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Temporal range: Late Carboniferous to present
A female Ryuthela secundaria
Scientific classification e
Kingdom: Animalia
Phylum: Arthropoda
Class: Arachnida
Order: Araneae
Suborder: Mesothelae
Pocock, 1892[1]


Mesothelae is a suborder of spiders (order Araneae) that includes a single living (extant) family, Liphistiidae, and a number of extinct families. This suborder is thought to form the sister group to all other living spiders, and retain ancestral characters, such as a segmented abdomen with spinnerets in the middle and two pairs of book lungs. Members of Liphistiidae are medium to large spiders with eight eyes grouped on a tubercle. They are only found in China, Japan, and southeast Asia.[2]

The Heptathelidae were once considered their own family; today they are considered a subfamily of the Liphistiidae (i.e. as Heptathelinae).


Members of Mesothelae have paraxial chelicerae, two pairs of coxal glands on the legs, eight eyes grouped on a nodule, two pairs of book lungs, and no endites on the base of the pedipalp. Most have at least seven or eight spinnerets near the middle of the abdomen. Lateral spinnerets are multi-segmented.[2]

Recent Mesothelae are characterized by the narrow sternum on the ventral side of the prosoma. Several plesiomorphic characteristics may be useful in recognizing these spiders: there are tergite plates on the dorsal side and the almost-median position of the spinnerets on the ventral side of the opisthosoma. Although it has been claimed that they lack venom glands and ducts, which almost all other spiders feature,[1] subsequent works have demonstrated that at least some, possibly all, do in fact have both the glands and ducts.[3] All Mesothelae have eight spinnerets in four pairs. Like mygalomorph spiders, they have two pairs of book lungs.[4]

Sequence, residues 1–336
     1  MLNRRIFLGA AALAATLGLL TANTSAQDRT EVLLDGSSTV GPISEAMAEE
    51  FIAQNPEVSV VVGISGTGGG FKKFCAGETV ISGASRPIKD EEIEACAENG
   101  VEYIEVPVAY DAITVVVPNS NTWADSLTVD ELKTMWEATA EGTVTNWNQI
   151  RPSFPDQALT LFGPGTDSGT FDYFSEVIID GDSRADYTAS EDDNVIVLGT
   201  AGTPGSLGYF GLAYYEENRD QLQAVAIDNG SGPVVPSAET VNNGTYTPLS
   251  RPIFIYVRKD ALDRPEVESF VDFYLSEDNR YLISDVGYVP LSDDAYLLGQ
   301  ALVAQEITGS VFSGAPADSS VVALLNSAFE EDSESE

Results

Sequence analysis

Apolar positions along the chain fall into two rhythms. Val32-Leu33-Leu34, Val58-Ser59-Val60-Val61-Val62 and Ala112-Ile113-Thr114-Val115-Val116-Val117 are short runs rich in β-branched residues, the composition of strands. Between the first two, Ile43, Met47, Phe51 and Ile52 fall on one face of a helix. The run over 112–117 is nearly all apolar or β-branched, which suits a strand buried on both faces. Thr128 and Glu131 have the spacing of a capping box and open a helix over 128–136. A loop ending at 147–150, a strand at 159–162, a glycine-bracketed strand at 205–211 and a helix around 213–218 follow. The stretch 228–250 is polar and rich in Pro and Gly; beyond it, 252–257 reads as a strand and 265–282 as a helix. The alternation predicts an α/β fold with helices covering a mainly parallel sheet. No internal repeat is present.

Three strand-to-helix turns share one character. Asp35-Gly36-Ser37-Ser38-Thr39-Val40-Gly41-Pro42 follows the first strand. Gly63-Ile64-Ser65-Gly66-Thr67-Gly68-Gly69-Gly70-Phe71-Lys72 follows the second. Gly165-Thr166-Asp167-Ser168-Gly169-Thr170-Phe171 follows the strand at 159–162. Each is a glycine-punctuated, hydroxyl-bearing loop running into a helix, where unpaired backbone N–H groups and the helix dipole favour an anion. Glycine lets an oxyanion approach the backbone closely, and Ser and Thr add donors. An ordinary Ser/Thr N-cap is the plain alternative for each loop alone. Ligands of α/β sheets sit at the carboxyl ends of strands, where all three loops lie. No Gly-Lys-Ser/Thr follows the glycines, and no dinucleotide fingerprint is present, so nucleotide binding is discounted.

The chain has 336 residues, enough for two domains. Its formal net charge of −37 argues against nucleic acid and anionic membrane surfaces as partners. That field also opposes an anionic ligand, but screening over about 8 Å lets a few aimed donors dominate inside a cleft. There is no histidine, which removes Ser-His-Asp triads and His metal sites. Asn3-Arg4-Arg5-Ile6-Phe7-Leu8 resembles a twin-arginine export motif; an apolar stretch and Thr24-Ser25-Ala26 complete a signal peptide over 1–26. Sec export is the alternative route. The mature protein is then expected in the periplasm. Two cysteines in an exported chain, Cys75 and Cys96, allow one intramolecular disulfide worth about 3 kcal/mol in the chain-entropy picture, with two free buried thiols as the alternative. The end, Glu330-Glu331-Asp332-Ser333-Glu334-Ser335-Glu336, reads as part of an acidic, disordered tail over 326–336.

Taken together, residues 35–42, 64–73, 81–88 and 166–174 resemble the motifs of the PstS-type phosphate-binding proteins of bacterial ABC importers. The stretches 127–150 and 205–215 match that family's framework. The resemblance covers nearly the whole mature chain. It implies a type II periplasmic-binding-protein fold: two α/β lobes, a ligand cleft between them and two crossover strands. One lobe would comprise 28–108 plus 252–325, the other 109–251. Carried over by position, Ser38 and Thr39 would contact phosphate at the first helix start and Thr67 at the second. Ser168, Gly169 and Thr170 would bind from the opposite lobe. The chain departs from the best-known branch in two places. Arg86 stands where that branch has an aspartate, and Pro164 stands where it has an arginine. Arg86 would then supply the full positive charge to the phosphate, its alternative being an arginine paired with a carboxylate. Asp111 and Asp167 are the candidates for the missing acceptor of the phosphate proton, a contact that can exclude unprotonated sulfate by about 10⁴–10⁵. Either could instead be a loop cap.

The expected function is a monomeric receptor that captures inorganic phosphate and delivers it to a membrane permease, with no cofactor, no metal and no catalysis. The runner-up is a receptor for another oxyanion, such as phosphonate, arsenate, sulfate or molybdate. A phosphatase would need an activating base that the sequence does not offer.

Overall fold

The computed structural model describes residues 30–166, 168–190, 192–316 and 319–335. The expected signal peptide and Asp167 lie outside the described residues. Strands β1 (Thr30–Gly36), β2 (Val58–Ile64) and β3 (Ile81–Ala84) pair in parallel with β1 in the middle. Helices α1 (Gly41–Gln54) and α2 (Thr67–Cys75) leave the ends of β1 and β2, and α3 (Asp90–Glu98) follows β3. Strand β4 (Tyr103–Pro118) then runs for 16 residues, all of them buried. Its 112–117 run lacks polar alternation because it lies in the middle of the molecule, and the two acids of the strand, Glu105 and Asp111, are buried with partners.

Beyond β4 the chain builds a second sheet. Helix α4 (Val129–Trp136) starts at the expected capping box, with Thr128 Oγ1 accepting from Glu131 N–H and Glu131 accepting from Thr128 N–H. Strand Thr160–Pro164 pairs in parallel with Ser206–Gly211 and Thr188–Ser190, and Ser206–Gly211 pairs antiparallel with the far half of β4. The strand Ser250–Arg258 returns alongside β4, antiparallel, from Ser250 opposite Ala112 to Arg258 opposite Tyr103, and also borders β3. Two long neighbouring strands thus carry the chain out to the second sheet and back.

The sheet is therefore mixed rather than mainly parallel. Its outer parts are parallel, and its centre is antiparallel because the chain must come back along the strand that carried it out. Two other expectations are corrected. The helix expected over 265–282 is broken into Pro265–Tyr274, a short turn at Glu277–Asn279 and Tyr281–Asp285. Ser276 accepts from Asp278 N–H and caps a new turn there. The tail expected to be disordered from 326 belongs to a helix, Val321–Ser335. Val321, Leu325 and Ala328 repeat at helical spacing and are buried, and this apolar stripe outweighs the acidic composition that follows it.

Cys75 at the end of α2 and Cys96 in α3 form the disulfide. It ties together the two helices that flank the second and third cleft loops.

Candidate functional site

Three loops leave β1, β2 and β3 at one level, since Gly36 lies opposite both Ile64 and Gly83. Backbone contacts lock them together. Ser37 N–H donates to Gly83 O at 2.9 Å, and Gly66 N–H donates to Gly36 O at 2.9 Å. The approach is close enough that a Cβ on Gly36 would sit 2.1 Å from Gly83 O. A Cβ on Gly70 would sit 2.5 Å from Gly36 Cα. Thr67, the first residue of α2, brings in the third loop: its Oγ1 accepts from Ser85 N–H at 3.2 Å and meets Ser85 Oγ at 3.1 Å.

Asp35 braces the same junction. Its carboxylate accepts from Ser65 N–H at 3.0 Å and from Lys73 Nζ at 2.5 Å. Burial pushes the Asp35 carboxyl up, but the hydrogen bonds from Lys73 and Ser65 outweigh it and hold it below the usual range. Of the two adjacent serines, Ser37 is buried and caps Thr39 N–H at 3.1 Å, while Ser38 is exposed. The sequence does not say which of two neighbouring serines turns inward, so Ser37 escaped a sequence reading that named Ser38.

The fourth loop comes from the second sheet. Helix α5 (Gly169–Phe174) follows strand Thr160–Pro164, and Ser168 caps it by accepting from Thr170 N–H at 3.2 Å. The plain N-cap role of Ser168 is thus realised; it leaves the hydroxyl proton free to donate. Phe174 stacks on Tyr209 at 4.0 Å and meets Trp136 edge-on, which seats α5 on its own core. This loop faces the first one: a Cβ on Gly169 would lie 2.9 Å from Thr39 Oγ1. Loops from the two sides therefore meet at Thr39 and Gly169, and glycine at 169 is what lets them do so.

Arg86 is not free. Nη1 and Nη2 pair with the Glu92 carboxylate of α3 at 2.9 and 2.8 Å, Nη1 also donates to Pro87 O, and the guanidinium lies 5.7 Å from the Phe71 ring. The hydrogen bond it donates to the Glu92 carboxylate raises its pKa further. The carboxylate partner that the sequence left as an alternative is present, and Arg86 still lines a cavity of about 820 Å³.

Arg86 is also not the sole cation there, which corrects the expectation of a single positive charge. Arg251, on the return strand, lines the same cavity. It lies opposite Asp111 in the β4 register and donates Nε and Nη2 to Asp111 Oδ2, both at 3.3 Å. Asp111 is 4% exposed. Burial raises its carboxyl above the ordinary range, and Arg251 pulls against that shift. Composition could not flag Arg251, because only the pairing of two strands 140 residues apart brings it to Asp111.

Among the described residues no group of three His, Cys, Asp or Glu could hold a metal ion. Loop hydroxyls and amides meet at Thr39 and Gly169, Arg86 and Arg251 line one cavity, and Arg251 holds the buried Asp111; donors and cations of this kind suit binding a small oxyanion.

Unlike all other extant mesothelians, heptathelines do not have fishing lines in front of the entrances to the burrows that they construct, making them more difficult to find. They also have a paired receptaculum (unpaired in other liphistiids), and have a conductor in their palpal organ. These long palps can confusingly look like an extra pair of legs, a mistake also made of some solifugids.


Reginald Innes Pocock in 1892 was the first to realize that the exceptional characters of the genus Liphistius (the only member of the group then known) meant that the difference between it and all the remaining spiders was greater than any differences within the latter group. Accordingly, he proposed dividing spiders into two subgroups, Mesothelae for Liphistius, and Opisthothelae for all other spiders. The names refer to the position of the spinning organs, which are in the middle of the abdomen in Liphistius and nearer the end in all other spiders.[5] In Greek, μέσος (mesos) means "middle",[6] and θήλα (thēla) "teat".[7]

Phylogeny and classification[edit]

Pocock divided his Opisthothelae into two groups, which he called Mygalomorphae and Arachnomorphae (now Araneomorphae), implicitly adopting the phylogeny shown below.





Arachnomorphae (Araneomorphae)

Pocock's approach was criticized by other arachnologists. Thus in 1923, Petrunkevitch rejected grouping mygalomorphs and araneomorphs into Opisthotelae, treating Liphistiomorphae (i.e. Mesothelae), Mygalomorphae and Arachnomorphae (Araneomorphae) as three separate groups. Others, such as Bristowe in 1933, put Liphistiomorphae and Mygalomorphae into one group, called Orthognatha, with Araneomorphae as Labidognatha:[8]


Liphistiomorphae (Mesothelae)